Dear All About Jazz Readers,

If you're familiar with All About Jazz, you know that we've dedicated over two decades to supporting jazz as an art form, and more importantly, the creative musicians who make it. Our enduring commitment has made All About Jazz one of the most culturally important websites of its kind in the world reaching hundreds of thousands of readers every month. However, to expand our offerings and develop new means to foster jazz discovery we need your help.

You can become a sustaining member for a modest $20 and in return, we'll immediately hide those pesky Google ads PLUS deliver exclusive content and provide access to future articles for a full year! This combination will not only improve your AAJ experience, it will allow us to continue to rigorously build on the great work we first started in 1995. Read on to view our project ideas...


Jesse Byrom-Carter: The Next Tomorrow Is Yesterday

Jim Worsley By

Sign in to view read count
Australian-born bassist Jesse Byrom-Carter finds himself at home in the New York City jazz scene with his first album. His compositional strength is at the forefront, with tunes that contain discernable melodies and a controlled, yet dynamic, rhythmic range. The ensemble is tethered nicely, with a prudent use of soloing. Instead, the listener is treated to the collective and tightly-knit grooves of the ensemble as a unit. As much as Byrom-Carter has a solid feel as a bassist, he impressively gives way to the overall sound in finding the fullest and richest presentations of his variant-tempo creations. In relation to the former, his upright take on "As Is" clearly illustrates that he has listened to another Carter a time or two—that being Ron Carter, of course.

As much as solos are mostly eschewed in favor of the group approach, it would be remiss not to mention the fervent contribution from trombonist Alan Ferber on the opening and title track, "The Next Tomorrow is Yesterday." This is a rewarding jazz composition that sets the tone for what follows. Later, trumpeter Alex Quinn and guitarist Adam Rogers share stylish takes on the slightly avant-garde "Hy Brasil." In "Hand of Fate" the ensemble is in the sure hands of alto saxophonist Michael Bliss. The horn section is in full collaboration, developing a full, big sound that the entire ensemble navigates assuredly in the energized arrangement of "Metamorphosis." Throughout the record, drummer Ken Ychicawa is a key component, controlling the directional compass with understated yet mindful precision.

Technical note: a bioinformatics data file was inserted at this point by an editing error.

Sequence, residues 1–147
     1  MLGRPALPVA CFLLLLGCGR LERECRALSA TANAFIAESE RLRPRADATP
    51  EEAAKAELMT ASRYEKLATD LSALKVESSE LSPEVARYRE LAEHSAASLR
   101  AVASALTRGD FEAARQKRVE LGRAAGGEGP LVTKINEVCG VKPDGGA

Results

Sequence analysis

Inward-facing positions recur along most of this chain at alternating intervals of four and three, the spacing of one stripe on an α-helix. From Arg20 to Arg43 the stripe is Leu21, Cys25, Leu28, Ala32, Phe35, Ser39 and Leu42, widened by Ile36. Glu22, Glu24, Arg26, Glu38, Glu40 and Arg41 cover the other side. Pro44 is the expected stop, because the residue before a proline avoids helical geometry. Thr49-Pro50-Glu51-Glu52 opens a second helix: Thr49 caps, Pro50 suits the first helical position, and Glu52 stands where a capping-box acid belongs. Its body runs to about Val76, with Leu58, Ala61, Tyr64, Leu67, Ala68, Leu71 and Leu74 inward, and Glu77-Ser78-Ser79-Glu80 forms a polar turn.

The seven-track outing features two vocals by Alina Engibaryan. At the mid-point of the record she quietly takes us though "Dreams Untethered"; her nuanced scat singing enriches this entry which also demonstrates Byrom-Carter's skills as a lyricist. The Next Tomorrow is Yesterday closes with Engibaryan walking on "The Edge of Space," perhaps the best melody on the record. Although the vocal is sung in fine fashion, the ensemble deliver the instrumental parts in a manner that embraces and embellishes the melody. It is a tune that would surely have shone as an instrumental-only piece. Byrom-Carter's debut album could lead one to believe that he will—to borrow his own lyrics from "Dreams Untethered"—"search for the silver linings with ambitions of gold" as he embarks on a promising musical career.

Track Listing: The Next Tomorrow Is Yesterday; As Is; Dreams Untethered; Hy Brasil; Hand of Fate; Metamorphosis; The Edge of Space.

Personnel: Alina Engibaryan: vocals; Alex Quinn: trumpet; Michael Bliss: alto saxophone; Alan Ferber: trombone; Eric Quinn: trombone; Adam Rogers: guitar; Ryan Slatko: piano (1, 3, 4, 6); Santiago Leibson: piano (2, 5, 7); Jesse Byrom-Carter: upright and electric basses; Ken Ychicawa: drums.

Title: The Next Tomorrow Is Yesterday | Year Released: 2019 | Record Label: Self Produced



comments powered by Disqus

Shop for Music

Start your music shopping from All About Jazz and you'll support us in the process. Learn how.

Related Articles

Read LE10 18-05 Album Reviews
LE10 18-05
By Karl Ackermann
May 20, 2019
Read Remembering Miles Album Reviews
Remembering Miles
By Dan McClenaghan
May 20, 2019
Read Merry Peers Album Reviews
Merry Peers
By Bruce Lindsay
May 20, 2019
Read Music! Music! Music! Album Reviews
Music! Music! Music!
By Doug Collette
May 20, 2019
Read Sheer Reckless Abandon Album Reviews
Sheer Reckless Abandon
By John Kelman
May 19, 2019
Read Gratitude: Stage Door Live @ the Z Album Reviews
Gratitude: Stage Door Live @ the Z
By Jack Bowers
May 19, 2019
Read To My Brothers Album Reviews
To My Brothers
By Victor L. Schermer
May 19, 2019